Today in the IP and EDA business, I hear “knock” all the time, except people mean “NoC.” It seems everybody wants a NoC, or wants to offer you a NoC. I’m here to tell you that NoC is not a noun.
A network-on-chip is a technology approach that can be used to transfer data and commands in many domains. When people in the IP and EDA businesses say NoC, they are usually referring to the means to control a SoC interconnect fabric, either within a chip, between chips, or both. In short, it is an adjective that describes a type of SoC interconnect solution.
As SoC makers add more IP blocks to a chip, such that points A and B are joined by points Z, AA, and AB, traditional bus and crossbar means to communication become very inefficient, resulting in serious pain to architects, designers, and integrators: Massive numbers of wires, failed timing closure, increased heat and power consumption, and spaghetti-like routing congestion leading to increased die area. These problems are compounded when there are IP changes late in the design cycle or when management expects the next derivative version of the chip to be on time and risk free because, “we only changed a few IP blocks.”
Now let’s add the fact that there are four major IP interface standards and many SoC makers have their own, too. Plus, we want the highest priority for real-time IPs, the required throughput for media and communications IP, and lowest latency for CPU cache refills from off-chip memory. And we need to make sure our chip can meet its external communication requirements with the fewest number of pins, pads and wires possible. It’s no surprise that for every dollar an SoC maker spends on IP, two to three dollars are spent connecting and integrating it!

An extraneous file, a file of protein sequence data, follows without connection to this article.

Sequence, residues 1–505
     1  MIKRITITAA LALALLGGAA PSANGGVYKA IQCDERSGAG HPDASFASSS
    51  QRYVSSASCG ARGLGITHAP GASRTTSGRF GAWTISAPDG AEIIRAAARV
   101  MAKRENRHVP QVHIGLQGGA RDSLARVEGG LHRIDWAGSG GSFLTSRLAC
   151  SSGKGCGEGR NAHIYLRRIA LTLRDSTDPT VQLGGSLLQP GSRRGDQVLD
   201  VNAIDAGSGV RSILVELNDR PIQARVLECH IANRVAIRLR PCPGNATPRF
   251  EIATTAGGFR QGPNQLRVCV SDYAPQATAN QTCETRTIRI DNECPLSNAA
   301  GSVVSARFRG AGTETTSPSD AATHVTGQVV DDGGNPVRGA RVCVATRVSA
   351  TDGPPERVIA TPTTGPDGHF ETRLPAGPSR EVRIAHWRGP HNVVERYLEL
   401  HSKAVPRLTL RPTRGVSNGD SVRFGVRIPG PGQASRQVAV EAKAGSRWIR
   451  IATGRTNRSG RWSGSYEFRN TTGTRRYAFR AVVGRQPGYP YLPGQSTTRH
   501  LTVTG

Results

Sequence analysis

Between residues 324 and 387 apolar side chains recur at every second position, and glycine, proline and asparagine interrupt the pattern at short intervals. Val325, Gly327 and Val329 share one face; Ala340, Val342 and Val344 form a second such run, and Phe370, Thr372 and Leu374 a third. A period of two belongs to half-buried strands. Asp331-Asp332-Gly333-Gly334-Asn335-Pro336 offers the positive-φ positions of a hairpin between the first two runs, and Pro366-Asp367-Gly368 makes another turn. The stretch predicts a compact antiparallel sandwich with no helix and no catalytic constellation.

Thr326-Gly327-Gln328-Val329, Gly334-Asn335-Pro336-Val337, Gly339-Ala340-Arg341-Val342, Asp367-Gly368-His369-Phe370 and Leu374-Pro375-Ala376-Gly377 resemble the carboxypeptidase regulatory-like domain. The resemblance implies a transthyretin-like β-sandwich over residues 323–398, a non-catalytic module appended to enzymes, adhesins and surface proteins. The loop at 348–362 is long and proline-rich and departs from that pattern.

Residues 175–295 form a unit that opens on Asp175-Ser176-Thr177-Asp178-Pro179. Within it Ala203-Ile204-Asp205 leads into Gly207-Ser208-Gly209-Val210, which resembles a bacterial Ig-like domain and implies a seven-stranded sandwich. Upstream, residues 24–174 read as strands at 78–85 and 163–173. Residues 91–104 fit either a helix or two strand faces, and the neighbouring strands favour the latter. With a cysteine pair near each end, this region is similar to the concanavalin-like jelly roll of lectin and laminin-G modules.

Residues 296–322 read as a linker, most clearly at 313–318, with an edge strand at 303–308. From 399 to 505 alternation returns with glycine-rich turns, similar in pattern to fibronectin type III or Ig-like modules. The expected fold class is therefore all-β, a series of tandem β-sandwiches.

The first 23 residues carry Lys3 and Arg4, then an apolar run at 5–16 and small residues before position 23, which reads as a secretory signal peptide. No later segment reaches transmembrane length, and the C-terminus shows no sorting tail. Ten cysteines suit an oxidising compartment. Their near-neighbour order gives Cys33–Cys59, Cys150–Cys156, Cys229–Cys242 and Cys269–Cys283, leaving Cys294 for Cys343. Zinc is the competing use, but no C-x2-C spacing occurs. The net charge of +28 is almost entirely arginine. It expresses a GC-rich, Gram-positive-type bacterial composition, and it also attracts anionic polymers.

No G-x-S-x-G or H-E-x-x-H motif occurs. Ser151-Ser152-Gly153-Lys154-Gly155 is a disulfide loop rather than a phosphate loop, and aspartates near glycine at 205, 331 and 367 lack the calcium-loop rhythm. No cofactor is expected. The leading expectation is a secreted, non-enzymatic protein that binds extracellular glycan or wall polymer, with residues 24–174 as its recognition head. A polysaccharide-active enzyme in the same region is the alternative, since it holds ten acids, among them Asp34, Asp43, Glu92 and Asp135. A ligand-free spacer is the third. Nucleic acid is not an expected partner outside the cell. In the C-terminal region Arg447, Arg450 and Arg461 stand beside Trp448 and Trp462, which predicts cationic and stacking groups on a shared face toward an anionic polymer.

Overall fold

A well thought out NoC approach to SoC IP interconnection is an ideal solution to these challenges. Translating to a simple, packet-based interconnect protocol at the edge of each IP block gives the ability to plug-and-play IPs with different interconnect protocols. It also avoids hierarchical mixed-protocol interconnects and the need to frequently translate and traverse different bus interfaces. These may introduce additional latency and make power management more challenging. Packet-based protocol also results in fewer and shorter wires, reducing routing congestion, easing timing closure and shrinking the gate count and area of the interconnect and SoC.
Packetizing and bursting data reduces the number of wires down to one half. Locating the interconnect logic closest to each IP block results in fewer gates, fewer and shorter wires, and a more compact chip floor plan. Having the option to configure each connection’s width, and each transaction’s dynamic priority assures meeting latency and bandwidth requirements.
What this means is that a NoC is not a NoC. Different companies have different approaches to their interconnect solutions, and some use facets of network-on-chip technologies. It is important for each SoC development team to look closely at what pain they are feeling and what goals they want to meet with each design, then choose the interconnect solution that works best to meet their goals.
So we can all call our interconnect IPs a fabric or interconnect or even a bus. Just be prepared to be specific if you choose to call it a NoC.